I recently had the chance to get over to Joseph's of Santa Fe with a few chow-philic friends. I'd never been to Joseph's Table up in Taos, but I'd heard consistently favorable things about it, and was excited to try the Santa Fe incarnation of it. The meal wasn't quite a revelation, but it was very good top to bottom, and reasonable value for the price point as well, with the arguable exception of its wine list.
Located in the former Azur space near Sanbusco, the place is small, cozy, and welcoming, and although the staff seemed a little green, they had been trained well and were totally personable and knowledgeable.
The menu is unpretentious, upscale farm-to-table New American, using as many local ingredients as possible. As is so often the case at a restaurant like this, the starters seemed substantially more interesting, focused, and delicious than the mains. Standouts were a raw vegetable salad with a truffle vinaigrette and grilled polenta with chicken liver mousse. The entrees were fine, if remarkably large and a little overly blunt. My confit-style duck dish had two giant duck legs, which was particularly weird given the slightly smaller than average starter portions. Neither my entree nor tastes of anyone else's quite knocked my socks off, but they were all competently prepared, and the flavors were fresh and thoughtfully integrated. Desserts were above average, but nothing I'd expressly seek out again; a standout was the "cloud cake", a giant, fluffy Italian meringue cake in a caramel sauce, garnished with grapefruit and tarragon.
Overall, the prices are high, but far from exorbitant; all but one entree fell somewhere in the 20s. On the other hand, I thought the CA- and France-heavy wine list was kind of bizarrely chosen in terms of price, starting high but petering out short of the stratosphere. They have a few cheap (in all senses of the word) bottles in the 30s, the sweet spot seems to be around $80, and almost nothing on the list is above $150. Our Sinskey pinot noir ($78 at about a 100% markup) was possibly the highlight of the meal, but come on, it's not like it would require bending over backwards to offer a few more $30 or $40 bottles that don't suck. They also have a nice, short craft beer menu which would go really well with the bold food flavors.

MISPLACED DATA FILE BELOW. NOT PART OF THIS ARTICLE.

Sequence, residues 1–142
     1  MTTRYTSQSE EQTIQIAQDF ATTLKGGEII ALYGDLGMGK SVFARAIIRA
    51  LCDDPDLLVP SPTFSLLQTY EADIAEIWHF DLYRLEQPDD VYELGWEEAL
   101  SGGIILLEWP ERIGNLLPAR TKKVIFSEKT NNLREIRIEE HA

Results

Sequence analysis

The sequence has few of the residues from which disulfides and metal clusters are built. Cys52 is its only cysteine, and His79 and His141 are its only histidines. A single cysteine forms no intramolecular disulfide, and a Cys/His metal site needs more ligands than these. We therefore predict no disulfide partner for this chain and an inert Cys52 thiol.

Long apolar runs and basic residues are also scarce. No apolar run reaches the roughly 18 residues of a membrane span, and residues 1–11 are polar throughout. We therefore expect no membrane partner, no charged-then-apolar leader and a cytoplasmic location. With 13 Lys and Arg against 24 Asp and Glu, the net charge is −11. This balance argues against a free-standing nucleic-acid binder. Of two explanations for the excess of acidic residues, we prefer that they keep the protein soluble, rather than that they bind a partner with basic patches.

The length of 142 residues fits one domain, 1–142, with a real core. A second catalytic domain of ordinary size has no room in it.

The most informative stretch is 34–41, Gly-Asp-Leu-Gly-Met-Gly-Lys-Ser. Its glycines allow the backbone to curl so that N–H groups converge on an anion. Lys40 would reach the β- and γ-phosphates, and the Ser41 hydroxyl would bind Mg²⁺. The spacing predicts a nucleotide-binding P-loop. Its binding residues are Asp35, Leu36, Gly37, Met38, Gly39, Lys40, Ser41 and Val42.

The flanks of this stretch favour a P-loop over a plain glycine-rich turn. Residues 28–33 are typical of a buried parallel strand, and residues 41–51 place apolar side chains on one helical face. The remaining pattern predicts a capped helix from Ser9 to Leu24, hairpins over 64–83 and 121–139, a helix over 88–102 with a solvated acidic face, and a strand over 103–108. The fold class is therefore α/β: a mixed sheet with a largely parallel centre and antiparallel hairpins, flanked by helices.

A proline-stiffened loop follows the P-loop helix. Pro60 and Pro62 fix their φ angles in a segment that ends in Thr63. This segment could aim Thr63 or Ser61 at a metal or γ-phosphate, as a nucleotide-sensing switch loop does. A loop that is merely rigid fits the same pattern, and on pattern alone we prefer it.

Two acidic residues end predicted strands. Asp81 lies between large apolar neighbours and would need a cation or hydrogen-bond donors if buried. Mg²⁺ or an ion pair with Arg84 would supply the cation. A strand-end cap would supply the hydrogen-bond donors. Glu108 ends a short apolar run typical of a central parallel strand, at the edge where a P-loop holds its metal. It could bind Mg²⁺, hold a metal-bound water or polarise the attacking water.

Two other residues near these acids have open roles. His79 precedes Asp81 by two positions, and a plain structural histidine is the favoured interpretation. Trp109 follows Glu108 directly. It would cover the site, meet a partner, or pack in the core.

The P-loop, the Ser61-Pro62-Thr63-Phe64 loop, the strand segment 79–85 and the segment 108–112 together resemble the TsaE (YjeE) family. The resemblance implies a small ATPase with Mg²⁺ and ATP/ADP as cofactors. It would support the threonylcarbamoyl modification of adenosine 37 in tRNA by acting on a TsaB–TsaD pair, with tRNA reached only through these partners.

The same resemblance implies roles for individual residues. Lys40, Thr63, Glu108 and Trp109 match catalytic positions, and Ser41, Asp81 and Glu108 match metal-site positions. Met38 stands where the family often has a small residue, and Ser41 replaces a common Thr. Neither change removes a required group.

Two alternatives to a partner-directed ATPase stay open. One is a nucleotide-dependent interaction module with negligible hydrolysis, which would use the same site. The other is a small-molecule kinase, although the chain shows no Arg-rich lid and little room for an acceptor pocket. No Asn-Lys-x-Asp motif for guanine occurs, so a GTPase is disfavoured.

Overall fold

Despite no hard liquor license, I was pleased to see they have a bar menu, the rarest of rarities in Santa Fe, including a great looking burger, as well as duck fat fries, all $14 or less.
So although I don't see myself becoming an uber-regular, Joseph's is a nice upscale addition to the city, and I'll definitely be glad to get back from time to time, especially with out-of-town guests.